The gasket adhesive may conveniently be a pressure sensitive type, while the gasket itself may be of any flexible material of suitable composition to generally withstand exposure to the materials being stored. Examples of suitable material would be neoprene, a neoprene or vinyl coated fabric, or sheet lead. The lead sheet material preferably should be bonded to a higher strength material such as fiberglass or other high strength corrosion resisting long lasting material. The latter may be used where especially long-term storage is anticipated. A soft rubbery elastomer, foamed rubber, or a urethane foam of suitable compressive resistance are exemplary of materials suitable for the resilient strip.
An alternative and generally more permanent means of securing the lid is shown in FIG. 3. An elongated hook-type strip 52 is attached to the upper body portion 32 so that the hooked portion is downwardly and outwardly oriented. A corresponding inwardly and upwardly hooked strip 54 is attached to the flanged portion 25 of lid 23. The hooked strips are made sufficiently flexible so that they will deflect and slide over each other as the lid is closed. Ultimately, they will snap into place and firmly lock the lid.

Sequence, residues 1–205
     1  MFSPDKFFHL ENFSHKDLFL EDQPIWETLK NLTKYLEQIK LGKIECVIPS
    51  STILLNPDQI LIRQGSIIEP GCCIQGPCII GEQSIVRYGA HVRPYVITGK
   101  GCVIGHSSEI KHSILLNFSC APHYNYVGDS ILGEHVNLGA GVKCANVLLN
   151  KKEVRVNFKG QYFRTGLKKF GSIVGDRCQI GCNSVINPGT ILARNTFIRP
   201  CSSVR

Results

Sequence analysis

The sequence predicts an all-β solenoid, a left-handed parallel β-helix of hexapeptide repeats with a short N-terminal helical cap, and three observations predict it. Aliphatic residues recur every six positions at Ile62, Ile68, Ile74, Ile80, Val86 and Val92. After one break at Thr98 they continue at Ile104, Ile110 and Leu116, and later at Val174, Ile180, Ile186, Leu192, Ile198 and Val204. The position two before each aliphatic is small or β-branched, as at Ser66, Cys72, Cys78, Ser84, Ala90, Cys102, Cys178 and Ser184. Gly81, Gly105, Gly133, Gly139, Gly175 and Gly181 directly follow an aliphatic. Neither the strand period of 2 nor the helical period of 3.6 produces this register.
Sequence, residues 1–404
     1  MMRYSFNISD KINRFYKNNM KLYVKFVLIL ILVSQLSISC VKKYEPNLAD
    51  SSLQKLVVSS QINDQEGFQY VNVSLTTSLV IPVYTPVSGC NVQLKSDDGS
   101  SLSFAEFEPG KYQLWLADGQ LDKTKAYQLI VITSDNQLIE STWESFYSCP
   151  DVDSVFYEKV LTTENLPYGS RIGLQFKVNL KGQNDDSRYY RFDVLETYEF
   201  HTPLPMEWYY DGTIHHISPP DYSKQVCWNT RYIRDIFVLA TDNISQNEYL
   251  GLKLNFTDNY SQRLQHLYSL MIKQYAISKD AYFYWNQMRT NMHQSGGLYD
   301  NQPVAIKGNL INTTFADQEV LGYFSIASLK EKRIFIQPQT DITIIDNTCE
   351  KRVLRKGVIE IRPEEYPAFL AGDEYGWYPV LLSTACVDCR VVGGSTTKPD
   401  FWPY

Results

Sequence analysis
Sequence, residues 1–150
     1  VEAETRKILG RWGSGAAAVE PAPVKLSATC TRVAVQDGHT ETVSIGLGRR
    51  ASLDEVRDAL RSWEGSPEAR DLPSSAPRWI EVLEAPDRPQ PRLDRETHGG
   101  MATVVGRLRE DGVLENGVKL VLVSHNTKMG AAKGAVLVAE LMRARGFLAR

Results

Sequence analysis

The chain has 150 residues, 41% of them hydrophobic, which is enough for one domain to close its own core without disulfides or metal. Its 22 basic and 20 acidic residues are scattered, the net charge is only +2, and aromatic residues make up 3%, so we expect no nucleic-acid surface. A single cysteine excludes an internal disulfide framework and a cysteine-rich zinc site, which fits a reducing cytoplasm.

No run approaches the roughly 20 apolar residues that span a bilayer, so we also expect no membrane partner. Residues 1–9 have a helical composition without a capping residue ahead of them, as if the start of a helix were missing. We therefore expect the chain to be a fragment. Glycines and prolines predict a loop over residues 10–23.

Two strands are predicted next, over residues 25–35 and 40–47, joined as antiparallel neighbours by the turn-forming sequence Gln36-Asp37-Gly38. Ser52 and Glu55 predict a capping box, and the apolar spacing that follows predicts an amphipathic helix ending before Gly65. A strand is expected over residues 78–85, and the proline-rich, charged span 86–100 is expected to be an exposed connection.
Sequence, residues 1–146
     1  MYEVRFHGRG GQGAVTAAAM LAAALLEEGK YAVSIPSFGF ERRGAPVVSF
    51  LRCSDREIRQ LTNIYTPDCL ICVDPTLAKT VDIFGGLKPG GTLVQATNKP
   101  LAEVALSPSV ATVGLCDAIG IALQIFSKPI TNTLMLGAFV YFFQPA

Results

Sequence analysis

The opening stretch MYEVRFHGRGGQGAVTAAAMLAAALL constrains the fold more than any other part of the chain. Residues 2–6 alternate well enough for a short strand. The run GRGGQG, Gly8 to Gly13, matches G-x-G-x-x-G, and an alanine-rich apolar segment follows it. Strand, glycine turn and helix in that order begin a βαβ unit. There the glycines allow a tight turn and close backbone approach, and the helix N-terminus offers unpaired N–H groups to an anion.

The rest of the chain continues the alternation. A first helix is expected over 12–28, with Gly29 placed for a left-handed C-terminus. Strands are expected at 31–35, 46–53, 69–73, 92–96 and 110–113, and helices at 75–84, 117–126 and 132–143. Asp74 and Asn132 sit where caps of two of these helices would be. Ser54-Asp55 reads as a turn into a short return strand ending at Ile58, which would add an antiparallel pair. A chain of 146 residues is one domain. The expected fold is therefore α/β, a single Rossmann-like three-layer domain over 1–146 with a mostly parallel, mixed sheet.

It will be readily apparent to those skilled in the art that many alternative forms of construction can be used without departing from the spirit of the present invention. The invention is to be considered as limited only by the following claims.
|Cited Patent||Filing date||Publication date||Applicant||Title|
|US1904250 *||Apr 27, 1932||Apr 18, 1933||Pure Carbonic Company Of Ameri||Automatic pressure sealing means|
|US2435006 *||Mar 18, 1947||Jan 27, 1948||Market Eorge Company||Door for pressure compartments|
|US2709092 *||Jun 28, 1949||May 24, 1955||Walter O Beyer||Conduit coupling construction|